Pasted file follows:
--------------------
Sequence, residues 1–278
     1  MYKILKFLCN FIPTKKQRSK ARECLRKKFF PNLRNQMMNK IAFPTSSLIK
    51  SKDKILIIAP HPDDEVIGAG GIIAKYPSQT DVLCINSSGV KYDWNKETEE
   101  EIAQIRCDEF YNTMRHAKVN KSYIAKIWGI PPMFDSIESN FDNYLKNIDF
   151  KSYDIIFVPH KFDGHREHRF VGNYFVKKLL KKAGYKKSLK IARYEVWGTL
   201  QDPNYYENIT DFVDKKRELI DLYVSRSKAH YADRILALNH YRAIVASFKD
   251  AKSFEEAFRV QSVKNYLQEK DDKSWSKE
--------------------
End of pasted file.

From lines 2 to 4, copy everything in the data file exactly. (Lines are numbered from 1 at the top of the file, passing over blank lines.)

     1  MYKILKFLCN FIPTKKQRSK ARECLRKKFF PNLRNQMMNK IAFPTSSLIK
    51  SKDKILIIAP HPDDEVIGAG GIIAKYPSQT DVLCINSSGV KYDWNKETEE
   101  EIAQIRCDEF YNTMRHAKVN KSYIAKIWGI PPMFDSIESN FDNYLKNIDF